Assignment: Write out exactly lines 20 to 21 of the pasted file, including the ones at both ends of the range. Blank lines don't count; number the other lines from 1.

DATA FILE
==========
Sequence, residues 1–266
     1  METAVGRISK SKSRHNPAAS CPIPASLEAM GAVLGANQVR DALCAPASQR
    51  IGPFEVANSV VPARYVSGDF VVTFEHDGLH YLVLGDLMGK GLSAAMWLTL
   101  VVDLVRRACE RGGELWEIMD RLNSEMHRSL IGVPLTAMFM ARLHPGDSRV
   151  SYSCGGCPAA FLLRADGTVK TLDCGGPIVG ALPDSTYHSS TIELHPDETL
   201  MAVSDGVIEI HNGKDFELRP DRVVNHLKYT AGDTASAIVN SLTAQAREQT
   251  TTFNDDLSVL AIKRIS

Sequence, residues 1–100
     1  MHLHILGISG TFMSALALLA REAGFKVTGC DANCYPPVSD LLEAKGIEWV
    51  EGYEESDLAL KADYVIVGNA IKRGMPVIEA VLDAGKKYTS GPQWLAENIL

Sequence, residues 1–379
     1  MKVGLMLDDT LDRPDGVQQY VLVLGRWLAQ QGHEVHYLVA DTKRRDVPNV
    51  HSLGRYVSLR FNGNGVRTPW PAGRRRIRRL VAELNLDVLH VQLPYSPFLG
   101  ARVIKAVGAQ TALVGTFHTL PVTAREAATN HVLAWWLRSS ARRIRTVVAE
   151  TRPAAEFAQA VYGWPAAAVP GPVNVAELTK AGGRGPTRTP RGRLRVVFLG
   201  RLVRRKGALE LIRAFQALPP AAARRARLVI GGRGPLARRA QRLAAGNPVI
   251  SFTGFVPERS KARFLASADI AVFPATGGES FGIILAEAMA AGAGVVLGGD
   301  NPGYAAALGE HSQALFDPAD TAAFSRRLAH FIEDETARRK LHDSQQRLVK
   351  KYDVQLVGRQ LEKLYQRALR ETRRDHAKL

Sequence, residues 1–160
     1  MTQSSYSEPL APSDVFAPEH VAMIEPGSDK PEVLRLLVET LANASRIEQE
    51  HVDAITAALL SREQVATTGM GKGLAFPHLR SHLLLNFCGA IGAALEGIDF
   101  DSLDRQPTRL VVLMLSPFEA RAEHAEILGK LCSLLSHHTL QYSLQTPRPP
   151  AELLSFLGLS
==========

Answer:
Sequence, residues 1–160
     1  MTQSSYSEPL APSDVFAPEH VAMIEPGSDK PEVLRLLVET LANASRIEQE